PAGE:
Hampton v. New York Air Brake Corporation

Filing 36

ORDER granting in part and denying in part 20 Motion for Summary Judgment; granted in favor of New York Air Brake as to Hampton's claims for age discrimination; denied as to Hampton's claims for race and sex discrimination under Title VII and race discrimination under 1981. Signed by Chief Judge J. Leon Holmes on 4/2/09. (mkf)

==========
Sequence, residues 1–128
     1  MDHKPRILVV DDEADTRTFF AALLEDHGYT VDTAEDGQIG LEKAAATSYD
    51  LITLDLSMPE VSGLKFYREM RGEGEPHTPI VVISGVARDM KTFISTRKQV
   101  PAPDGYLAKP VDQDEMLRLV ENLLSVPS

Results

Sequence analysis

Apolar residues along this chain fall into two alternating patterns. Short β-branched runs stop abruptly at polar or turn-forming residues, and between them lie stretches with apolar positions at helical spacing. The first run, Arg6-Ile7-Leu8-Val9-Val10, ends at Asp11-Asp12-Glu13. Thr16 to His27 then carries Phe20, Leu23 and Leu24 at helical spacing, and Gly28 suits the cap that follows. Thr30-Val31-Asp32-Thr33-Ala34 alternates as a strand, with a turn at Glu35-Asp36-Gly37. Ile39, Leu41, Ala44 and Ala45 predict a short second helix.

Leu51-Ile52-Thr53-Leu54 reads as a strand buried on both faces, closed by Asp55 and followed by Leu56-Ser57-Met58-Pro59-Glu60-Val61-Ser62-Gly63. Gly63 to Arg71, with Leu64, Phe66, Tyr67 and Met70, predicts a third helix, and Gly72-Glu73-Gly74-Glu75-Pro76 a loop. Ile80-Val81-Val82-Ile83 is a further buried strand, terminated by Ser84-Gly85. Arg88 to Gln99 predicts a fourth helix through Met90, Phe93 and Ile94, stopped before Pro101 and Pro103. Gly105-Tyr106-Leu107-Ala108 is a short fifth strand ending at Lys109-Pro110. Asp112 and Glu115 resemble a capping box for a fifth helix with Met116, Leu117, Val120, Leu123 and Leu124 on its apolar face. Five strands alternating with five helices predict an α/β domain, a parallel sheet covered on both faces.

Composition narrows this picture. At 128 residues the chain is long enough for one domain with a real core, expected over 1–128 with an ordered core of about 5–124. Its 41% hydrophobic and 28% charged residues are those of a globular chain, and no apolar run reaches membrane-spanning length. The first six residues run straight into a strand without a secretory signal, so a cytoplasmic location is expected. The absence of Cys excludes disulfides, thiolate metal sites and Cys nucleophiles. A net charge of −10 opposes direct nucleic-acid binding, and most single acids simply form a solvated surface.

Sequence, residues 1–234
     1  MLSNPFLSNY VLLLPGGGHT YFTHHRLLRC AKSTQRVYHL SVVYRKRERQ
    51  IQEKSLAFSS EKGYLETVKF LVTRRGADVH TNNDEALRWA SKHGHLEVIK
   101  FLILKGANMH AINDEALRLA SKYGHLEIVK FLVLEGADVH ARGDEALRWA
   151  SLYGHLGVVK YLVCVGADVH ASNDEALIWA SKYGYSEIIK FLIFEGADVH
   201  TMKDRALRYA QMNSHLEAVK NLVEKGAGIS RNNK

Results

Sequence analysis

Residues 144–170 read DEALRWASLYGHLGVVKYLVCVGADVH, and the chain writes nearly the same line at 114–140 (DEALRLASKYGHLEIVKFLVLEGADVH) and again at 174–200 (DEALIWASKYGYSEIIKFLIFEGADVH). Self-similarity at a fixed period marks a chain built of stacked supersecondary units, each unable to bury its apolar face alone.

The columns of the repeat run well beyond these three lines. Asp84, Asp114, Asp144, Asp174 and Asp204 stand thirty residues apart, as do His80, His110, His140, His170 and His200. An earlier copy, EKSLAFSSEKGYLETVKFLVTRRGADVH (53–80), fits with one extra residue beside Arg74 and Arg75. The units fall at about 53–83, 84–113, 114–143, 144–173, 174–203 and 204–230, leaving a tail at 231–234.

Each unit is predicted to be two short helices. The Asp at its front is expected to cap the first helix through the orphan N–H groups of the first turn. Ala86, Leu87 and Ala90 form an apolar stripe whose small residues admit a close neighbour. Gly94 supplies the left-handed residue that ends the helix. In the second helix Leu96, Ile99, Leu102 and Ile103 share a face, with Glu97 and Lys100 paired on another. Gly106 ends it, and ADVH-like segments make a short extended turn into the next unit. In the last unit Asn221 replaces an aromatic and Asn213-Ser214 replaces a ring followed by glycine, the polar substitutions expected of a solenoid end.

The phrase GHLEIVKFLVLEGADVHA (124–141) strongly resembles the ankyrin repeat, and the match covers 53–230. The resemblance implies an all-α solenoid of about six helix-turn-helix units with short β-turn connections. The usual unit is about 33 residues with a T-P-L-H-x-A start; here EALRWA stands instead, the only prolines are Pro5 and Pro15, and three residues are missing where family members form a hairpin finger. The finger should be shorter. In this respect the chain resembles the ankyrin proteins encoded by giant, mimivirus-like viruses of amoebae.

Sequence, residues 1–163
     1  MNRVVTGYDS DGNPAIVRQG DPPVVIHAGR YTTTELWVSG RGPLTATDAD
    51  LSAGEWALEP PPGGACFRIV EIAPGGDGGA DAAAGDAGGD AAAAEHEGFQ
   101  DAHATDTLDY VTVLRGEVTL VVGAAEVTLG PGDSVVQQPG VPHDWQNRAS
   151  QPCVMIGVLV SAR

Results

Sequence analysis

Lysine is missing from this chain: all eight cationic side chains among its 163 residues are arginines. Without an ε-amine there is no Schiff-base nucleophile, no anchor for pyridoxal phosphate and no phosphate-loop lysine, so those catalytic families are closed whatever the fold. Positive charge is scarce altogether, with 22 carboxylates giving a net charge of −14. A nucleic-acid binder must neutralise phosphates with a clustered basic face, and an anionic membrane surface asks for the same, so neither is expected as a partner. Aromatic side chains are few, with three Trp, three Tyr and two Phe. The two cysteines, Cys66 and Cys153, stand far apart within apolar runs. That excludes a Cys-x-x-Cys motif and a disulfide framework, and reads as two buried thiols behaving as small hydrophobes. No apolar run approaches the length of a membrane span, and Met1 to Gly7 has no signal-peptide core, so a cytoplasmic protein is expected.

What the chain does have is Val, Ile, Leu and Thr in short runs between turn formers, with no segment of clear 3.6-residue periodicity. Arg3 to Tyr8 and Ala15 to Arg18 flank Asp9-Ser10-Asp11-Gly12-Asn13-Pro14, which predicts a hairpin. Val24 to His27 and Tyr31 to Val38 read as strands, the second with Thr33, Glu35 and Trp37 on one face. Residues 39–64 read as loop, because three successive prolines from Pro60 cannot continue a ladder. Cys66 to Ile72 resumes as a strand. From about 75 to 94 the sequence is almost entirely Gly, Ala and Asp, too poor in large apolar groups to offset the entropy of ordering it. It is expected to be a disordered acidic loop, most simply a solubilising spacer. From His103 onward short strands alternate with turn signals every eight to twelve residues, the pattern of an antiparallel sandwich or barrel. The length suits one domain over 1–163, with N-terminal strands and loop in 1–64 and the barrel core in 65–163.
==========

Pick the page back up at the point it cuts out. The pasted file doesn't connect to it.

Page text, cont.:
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IN THE UNITED STATES DISTRICT COURT EASTERN DISTRICT OF ARKANSAS WESTERN DIVISION LOUISA HAMPTON v. NEW YORK AIR BRAKE CORP. OPINION AND ORDER Louisa Hampton brought this action against New York Air Brake Corporation for failure to promote alleging discrimination based on race and sex under Title VII of the Civil Rights Act of 1964, 42 U.S.C. 2000(e) et seq., and discrimination based on age under the Age Discrimination in Employment Act (ADEA), 29 U.S.C. 621, et seq. She also makes a race discrimination claim under 42 U.S.C. 1981, and an equal protection claim under the Fourteenth Amendment. New York Air Brake has moved for summary judgment, and Hampton has responded. For the following reasons, New York Air Brake's motion for summary judgment is granted in part and denied in part. I. Louisa Hampton was hired by New York Air Brake Corporation in December 1999 for the position of Freight Assembler Level II. Her job title changed in September 2005 to Repair Technician Level II. In that position, Hampton replenished components on the shop floor, shipped out brake materials and components, received brake materials and components, and oversaw cycle count and work order picks. Hampton did not perform any locomotive or freight testing or any valve repair work. According to Hampton, from 1999 to December 2006, open positions were not posted; employees were simply placed in those positions. Anthony Streetman, the operations manager at New York Air Brake, testified in his deposition that the bidding process for open positions began No. 4:08CV00208 JLH DEFENDANT PLAINTIFF in January of 2006. Hampton says she tried to get a Level III position or get training in testing during the years when the positions were not open for bidding. Hampton also says that another employee, Mandy Upton, told her in April 2005 and May 2006 that she was "not going to never get no position, because you are an old, black woman." New York Air Brake says that at the time of her comments in 2005 Upton was not a human resources employee as Hampton suggests, and that she was no longer working for the company in 2006. Furthermore, New York Air Brake points out, Upton was never in a management position or a position with authority to make decisions regarding employee placement. Hampton also says that her supervisor, Lewis Hernandez, made a comment in the spring or summer of 2006 that "a woman don't (sic) have no business being out here, my wife wouldn't be out here." She also says that he told her in June 2006 that "he would take care of his people, the Hispanics." On January 15, 2007, New York Air Brake posted two Repair Technician Level IV positions for bidding. The job description for the Level IV position stated that the essential duties of the position include assembly, testing, and repair of locomotive valve material. In response to the posting, seven people submitted Job Interest Forms, including Hampton. Three of the employees who expressed interest in the Level IV position held Level III positions: Audelino Sanchez, Rodrigo Guarrera, and Alan Roy. The two open positions were awarded to Sanchez and Guarrera, who had both been in their Level III positions since September 2005. Hampton disputes that the two men who were awarded the jobs were more qualified than she was simply because they had done testing and repair in their previous positions and she had not. She points out that she also had more seniority than either of those men. According to Hampton, she had been denied training or placement in the past while Hispanic men were given those opportunities instead, and because of that 2 discrimination she did not have the same qualifications that Sanchez and Guarrera did. Anthony Streetman contacted Hampton and let her know she was not selected for the Level IV position because, unlike Sanchez and Guarrera, she did not have any testing experience. Hampton does not dispute this, but she asserts that Sanchez and Guarrera were treated favorably when they were placed in the Level III positions which gave them the testing experience to allow for their promotion. Hampton also points out that Streetman testified in his deposition that there was no requirement that a person have testing experience before being promoted to a Level IV position and that once an employee is promoted to that position, he is trained for that position. In March 2007, New York Air Brake posted one Level IV position for bidding. In response to the posting, four people, including Hampton, submitted Job Interest Forms. One of the employees who expressed interest in the Level IV position, Samuel Upton, held an equivalent position of Specialist QA Technician. Upton was awarded the position because, unlike the other bidders, he had freight and locomotive testing experience. Hampton admits that Upton was more qualified than she was for the position. From March 2007 until November 2008, five Level III position openings were posted for bidding and six Level IV position openings were posted and Hampton did not apply for any of those openings. According to New York Air Brake, in November 2008, Hampton applied for and was promoted to a Level III position, which she currently occupies. Hampton says that she applied for a Level IV position, but when she applied, the Level IV position was reduced to a Level III position which she currently holds. According to Anthony Streetman, the operations manager, the process of downgrading that position was underway before Hampton bid for it. 3 II. A court should enter summary judgment when "the pleadings, the discovery and disclosure materials on file, and any affidavits show that there is no genuine issue as to any material fact and that the movant is entitled to judgment as a matter of law." FED. R. CIV. P. 56(c); see also Anderson v. Liberty Lobby, Inc., 477 U.S. 242, 250, 106 S. Ct. 2505, 2511, 91 L. Ed. 2d 202 (1986). A genuine issue exists only if there is sufficient evidence to allow a jury to return a verdict for the nonmoving party. Anderson, 477 U.S. at 249, 106 S. Ct. at 2511. In deciding a motion for summary judgment, the Court views the facts in the light most favorable to the nonmoving party and draws all inferences in his favor, mindful that summary judgment seldom should be granted in discrimination cases where claims are often based on inferences. Peterson v. Scott County, 406 F.3d 515, 520 (8th Cir. 2005); Bassett v. City of Minneapolis, 211 F.3d 1097, 1099 (8th Cir. 2000) (collecting cases). But see Bainbridge v. Loffredo Gardens, Inc., 378 F.3d 756, 762 (8th Cir. 2004) (Arnold, J., dissenting). III. Hampton has alleged race, sex, and age discrimination in violation of Title VII, 42 U.S.C. 1981, and the ADEA. A plaintiff may establish intentional discrimination through either direct or indirect evidence. Twymon v. Wells Fargo & Co., 462 F.3d 925, 933 (8th Cir. 2006). Hampton does not argue that she has direct evidence to support her discrimination claim. Without direct evidence, a Court applies the McDonnell Douglas framework to analyze discrimination cases, and those guidelines apply to discrimination claims under Title VII, 1981, and the ADEA. Roxas v. Presentation College, 90 F.3d 310, 315 (8th Cir. 1996) (applying McDonnell Douglas framework to 1981 claim); Hase v. Missouri Div. of Employment Sec., 972 F.2d 893, 895-96 (8th Cir. 1992) 4 (applying McDonnell Douglas framework to ADEA claim). When a plaintiff lacks direct evidence of discrimination, she "must carry the initial burden under the statute of establishing a prima facie case of . . . discrimination." McDonnell Douglas Corp. v. Green, 411 U.S. 792, 802, 93 S. Ct. 1817, 1824, 36 L. Ed. 2d 668 (1973). To establish a prima facie case of failure to promote based on race or sex, Hampton must show that: (1) she is a member of a protected class; (2) she applied for and was qualified for a promotion; (3) she did not receive the promotion; and (4) the position was filled by someone outside of the protected class. Turner v. Honeywell Fed. Mfg. & Techs., LLC, 336 F.3d 716, 720 (8th Cir. 2003). Hampton is a member of a protected class as a woman and as an African-American. She applied for Level IV positions twice and was qualified for promotion, she did not receive either of those promotions, and the positions were filled by individuals outside of the protected class. Hampton has made a prima facie showing of race discrimination under Title VII and 1981 and a prima facie showing of sex discrimination under Title VII. As to her claims of age discrimination, Hampton has not provided any evidence or facts about her age or the relative age of the individuals who received the positions for which she applied. Hampton cannot meet her burden to demonstrate a prima facie case of age discrimination under the ADEA, so New York Air Brake is entitled to summary judgment on that claim. If a plaintiff can make out a prima facie case, then the burden shifts to the employer to establish a legitimate, nondiscriminatory reason for its action. Turner, 336 F.3d at 723. New York Air Brake says the reason Hampton was not promoted to the Level IV positions in question was because she was less qualified than the employees who were selected. Specifically, she did not have the testing or repair experience that the other employees had. 5 Once the employer has given a legitimate, nondiscriminatory reason, the burden shifts back to the plaintiff to show that the employer's reason was a pretext for intentional discrimination. Id. Hampton argues that New York Air Brake's failure to follow its own policies before 2006 when individuals were hand-picked for promotions even though there was an equal employment opportunity policy is evidence of pretext. An employer's failure to follow its own policies may support an inference of pretext. Floyd v. State of Missouri Dep't of Soc. Servs., 188 F.3d 932, 937 (8th Cir. 1999). Furthermore, successive denials of promotion may provide evidence of discrimination. Chock v. Northwest Airlines, Inc., 113 F.3d 861, 865 (8th Cir. 1997). The fact that Hampton worked for about eight years in the same position while Hispanic male employees who had worked at New York Air Brake for less time received promotions without the positions being open for bidding at least raises an inference that New York Air Brake was not following its own equal employment opportunity policy. That Hampton sought promotion and training from 1999 until 2006 and applied for jobs when the bidding process was opened also may provide evidence of discrimination in light of the fact that the only thing that separated her from other employees who filled the positions was the fact that they had training she did not. She did not have a poor work record, she met minimum qualifications, and the training the other employees had was not a prerequisite to being qualified for the positions. Furthermore, her supervisor's comments that he did not think a woman should be working in those positions and that he would look out for his people provide evidence of discrimination based on sex in violation of Title VII. New York Air Brake argues that evidence of events outside the period of 180 days before the EEOC charge was filed may not be considered. While Hampton may not recover damages under Title VII for acts that occurred more than 180 days before she filed her EEOC complaint, prior acts 6 may be used as background evidence in support of a timely claim. Wedow v. City of Kansas City, Mo., 442 F.3d 661, 670 (8th Cir. 2006); Kline v. City of Kansas City, Mo., Fire Dep't, 175 F.3d 660, 666-67 (8th Cir. 1999). Moreover, as New York Air Brake says in its brief, the period of limitations for Hampton's claim under 42 U.S.C. 1981 is four years. Jones v. R.R. Donnelly & Sons Co., 541 U.S. 369, 124 S. Ct. 1836, 158 L. Ed. 2d 645 (2004). Viewing the evidence in a light most favorable to Hampton, she has raised questions for a jury as to whether New York Air Brake's proffered reason for not promoting her was pretext. New York Air Brake is not entitled to summary judgment on Hampton's Title VII and 1981 claims. Hampton's complaint also alleged a violation of the Equal Protection Clause of the Fourteenth Amendment. Hampton says that she is not seeking redress under the Fourteenth Amendment. Therefore, New York Air Brake is entitled to summary judgment to any claims under the Equal Protection Clause of the Fourteenth Amendment. CONCL US ION For the reasons stated above, New York Air Brake's motion for summary judgment is GRANTED IN PART and DENIED IN PART. Document #20. As to Hampton's claims for age discrimination, summary judgment is granted in favor of New York Air Brake. As to Hampton's claims for race and sex discrimination under Title VII and race discrimination under 1981, summary judgment is denied. IT IS SO ORDERED this 2nd day of April, 2009. ___________________________________ J. LEON HOLMES UNITED STATES DISTRICT JUDGE 7